Negotiations on a new government in Pakistan have allayed immediate fears of instability in the nuclear-armed nation following inconclusive elections last week, but the risk of a full-scale economic crisis remains.

A $3 billion programme from the International Monetary Fund (IMF) runs out next month and securing a new and much bigger one is widely seen as the priority for the new administration.



The largest party, the Pakistan Muslim League-Nawaz (PML-N), secured support on Tuesday from the second biggest, the Pakistan People's Party (PPP), and is trying to persuade it to form a majority coalition.

The caretaker government in place since August is implementing the IMF loan programme which helped to avert a sovereign debt default when it was approved in July. Recent legislation allows it to make decisions on economic matters in the South Asian country as well as overseeing the election. It did not immediately respond to a request for comment on the prospects for a new IMF deal.



Pakistan's foreign exchange reserves stand at roughly $8 billion which barely covers two months of essential imports although it is an improvement from the $3.1 billion they were down to just over a year ago.

A $1 billion bond payment in two months' time will cut them further although the country is getting a $700 mln injection of already-approved IMF money too.

"It is imperative (to get into another IMF programme), given that Pakistan’s foreign exchange reserves are abysmally low compared to its large impending external debt repayment needs. Former deputy central bank governor Murtaza Syed said. "There is no alternative".



Pakistan's debt-to-GDP ratio is already above 70% and the IMF and credit ratings agencies estimate that the interest payments on its debt will soak up 50% and 60% of the government's revenues this year. That is the worst ratio of any sizable economy in the world.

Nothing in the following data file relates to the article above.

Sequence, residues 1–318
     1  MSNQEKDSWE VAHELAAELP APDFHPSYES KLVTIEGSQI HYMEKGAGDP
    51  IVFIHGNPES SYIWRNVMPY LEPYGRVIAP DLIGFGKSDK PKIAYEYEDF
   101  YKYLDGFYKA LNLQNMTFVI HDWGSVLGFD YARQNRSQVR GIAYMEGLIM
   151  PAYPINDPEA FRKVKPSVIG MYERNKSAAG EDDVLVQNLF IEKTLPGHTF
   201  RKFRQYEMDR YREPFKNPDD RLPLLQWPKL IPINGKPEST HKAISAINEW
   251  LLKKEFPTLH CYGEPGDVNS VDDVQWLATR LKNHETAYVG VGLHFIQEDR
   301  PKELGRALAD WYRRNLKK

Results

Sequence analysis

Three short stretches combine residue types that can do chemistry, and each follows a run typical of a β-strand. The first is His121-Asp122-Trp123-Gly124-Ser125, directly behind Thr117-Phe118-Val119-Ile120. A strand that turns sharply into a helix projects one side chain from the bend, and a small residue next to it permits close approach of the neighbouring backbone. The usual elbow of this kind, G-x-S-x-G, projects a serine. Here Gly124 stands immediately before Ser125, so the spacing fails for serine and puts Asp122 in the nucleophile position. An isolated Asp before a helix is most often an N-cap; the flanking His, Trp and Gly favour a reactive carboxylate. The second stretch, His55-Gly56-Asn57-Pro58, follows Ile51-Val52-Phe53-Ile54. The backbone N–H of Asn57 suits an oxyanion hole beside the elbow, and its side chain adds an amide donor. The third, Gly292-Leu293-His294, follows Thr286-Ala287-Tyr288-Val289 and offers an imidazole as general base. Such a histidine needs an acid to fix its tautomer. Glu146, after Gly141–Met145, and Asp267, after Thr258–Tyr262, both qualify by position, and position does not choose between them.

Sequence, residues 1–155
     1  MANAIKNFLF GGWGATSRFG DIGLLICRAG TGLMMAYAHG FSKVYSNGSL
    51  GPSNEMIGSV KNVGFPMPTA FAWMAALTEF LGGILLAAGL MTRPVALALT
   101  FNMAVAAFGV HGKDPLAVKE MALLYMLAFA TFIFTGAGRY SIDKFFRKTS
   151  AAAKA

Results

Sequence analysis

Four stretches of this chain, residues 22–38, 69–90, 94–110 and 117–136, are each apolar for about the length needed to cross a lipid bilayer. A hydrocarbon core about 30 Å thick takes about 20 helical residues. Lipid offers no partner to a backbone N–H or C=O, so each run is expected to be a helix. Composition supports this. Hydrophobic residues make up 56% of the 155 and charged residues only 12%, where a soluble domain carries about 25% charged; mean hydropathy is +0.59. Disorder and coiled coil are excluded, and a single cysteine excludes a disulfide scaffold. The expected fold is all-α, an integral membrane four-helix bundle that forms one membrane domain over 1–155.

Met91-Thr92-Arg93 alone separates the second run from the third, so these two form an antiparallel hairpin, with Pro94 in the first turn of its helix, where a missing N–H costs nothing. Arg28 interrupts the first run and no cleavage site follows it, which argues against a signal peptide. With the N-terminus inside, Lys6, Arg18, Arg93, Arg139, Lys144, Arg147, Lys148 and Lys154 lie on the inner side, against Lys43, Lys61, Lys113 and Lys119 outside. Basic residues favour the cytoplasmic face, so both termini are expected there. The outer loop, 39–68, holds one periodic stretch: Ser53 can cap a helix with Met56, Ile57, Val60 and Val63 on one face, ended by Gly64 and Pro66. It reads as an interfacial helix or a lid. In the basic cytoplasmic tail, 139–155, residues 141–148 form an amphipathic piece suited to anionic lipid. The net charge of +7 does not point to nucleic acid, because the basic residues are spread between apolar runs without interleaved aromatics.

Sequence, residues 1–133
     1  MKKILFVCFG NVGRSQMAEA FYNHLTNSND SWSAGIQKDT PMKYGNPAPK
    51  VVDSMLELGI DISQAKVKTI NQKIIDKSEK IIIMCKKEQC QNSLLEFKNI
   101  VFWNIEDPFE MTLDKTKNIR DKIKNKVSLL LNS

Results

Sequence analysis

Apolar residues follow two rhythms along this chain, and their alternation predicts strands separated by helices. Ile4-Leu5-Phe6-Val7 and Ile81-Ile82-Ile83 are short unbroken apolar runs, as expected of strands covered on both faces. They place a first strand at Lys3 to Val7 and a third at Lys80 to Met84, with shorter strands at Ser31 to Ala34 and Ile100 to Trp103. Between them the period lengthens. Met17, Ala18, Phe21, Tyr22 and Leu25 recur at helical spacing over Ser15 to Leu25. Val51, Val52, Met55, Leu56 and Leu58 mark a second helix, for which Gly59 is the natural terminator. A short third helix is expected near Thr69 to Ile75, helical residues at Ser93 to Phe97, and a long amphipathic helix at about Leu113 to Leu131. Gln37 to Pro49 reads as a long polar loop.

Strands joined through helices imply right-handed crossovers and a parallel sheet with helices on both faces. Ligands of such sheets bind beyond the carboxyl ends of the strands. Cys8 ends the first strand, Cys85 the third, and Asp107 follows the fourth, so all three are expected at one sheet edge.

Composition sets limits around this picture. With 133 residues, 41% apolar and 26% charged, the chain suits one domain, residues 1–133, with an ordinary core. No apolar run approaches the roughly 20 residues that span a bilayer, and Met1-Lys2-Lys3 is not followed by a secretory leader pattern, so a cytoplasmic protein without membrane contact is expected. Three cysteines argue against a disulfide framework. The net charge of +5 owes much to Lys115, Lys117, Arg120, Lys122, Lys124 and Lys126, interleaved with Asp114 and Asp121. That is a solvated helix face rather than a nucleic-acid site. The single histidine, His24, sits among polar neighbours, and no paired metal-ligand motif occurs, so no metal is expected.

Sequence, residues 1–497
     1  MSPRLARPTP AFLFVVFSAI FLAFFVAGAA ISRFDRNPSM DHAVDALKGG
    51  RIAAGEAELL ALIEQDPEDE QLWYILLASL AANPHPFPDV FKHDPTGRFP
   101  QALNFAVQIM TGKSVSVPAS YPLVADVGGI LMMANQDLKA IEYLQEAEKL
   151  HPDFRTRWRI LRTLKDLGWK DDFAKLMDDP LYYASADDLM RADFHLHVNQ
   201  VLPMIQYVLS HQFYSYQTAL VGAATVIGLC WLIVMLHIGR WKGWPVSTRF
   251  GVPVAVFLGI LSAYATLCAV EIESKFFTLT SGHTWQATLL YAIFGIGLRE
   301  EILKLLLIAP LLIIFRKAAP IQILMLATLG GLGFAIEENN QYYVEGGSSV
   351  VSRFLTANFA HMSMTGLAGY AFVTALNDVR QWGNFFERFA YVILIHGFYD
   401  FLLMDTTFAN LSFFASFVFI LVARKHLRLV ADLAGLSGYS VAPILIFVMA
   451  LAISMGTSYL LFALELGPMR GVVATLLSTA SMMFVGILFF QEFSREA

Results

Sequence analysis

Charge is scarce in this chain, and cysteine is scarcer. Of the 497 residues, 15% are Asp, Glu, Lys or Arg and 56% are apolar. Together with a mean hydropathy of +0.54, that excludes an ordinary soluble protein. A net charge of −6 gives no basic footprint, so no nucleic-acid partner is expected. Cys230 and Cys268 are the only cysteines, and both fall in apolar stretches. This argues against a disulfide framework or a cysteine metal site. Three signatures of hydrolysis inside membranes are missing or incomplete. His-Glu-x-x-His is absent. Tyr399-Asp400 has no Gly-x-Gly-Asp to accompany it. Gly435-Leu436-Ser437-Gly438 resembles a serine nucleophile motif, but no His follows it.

Analyst firm Tellimer says the country's problem is primarily domestic debt, which comprises around 60% of its debt stock and 85% of its interest burden. Pakistan's external debt stock - denominated largely in dollars - is also heavily skewed towards bilateral and multilateral creditors, which comprise roughly 85% of the total.

Bonded debt comprises just 8% of the external debt stock and 3.4% of its total public debt. That is dwarfed by the near 13% of total debt that it owes to China which has lent to Pakistan money over the years for infrastructure projects and for other types of spending.



A combination of tax and gas tariff hikes and a steep fall in the rupee currency have pushed inflation up to nearly 30% year-on-year. It is expected to come down later in the year but will stay well above the central bank's 5-7% target for some time, economists forecast.

The rupee is expected to fall further too. For context, the implied exchange rate underlying the latest IMF staff report is 305 rupee to the dollar for this fiscal year and 331 per dollar in FY 24/25, levels which are roughly 8% and 15% weaker than the current exchange rate.

(Reporting by Marc Jones in LONDON and Ariba Shahid in KARACHI; editing by Philippa Fletcher)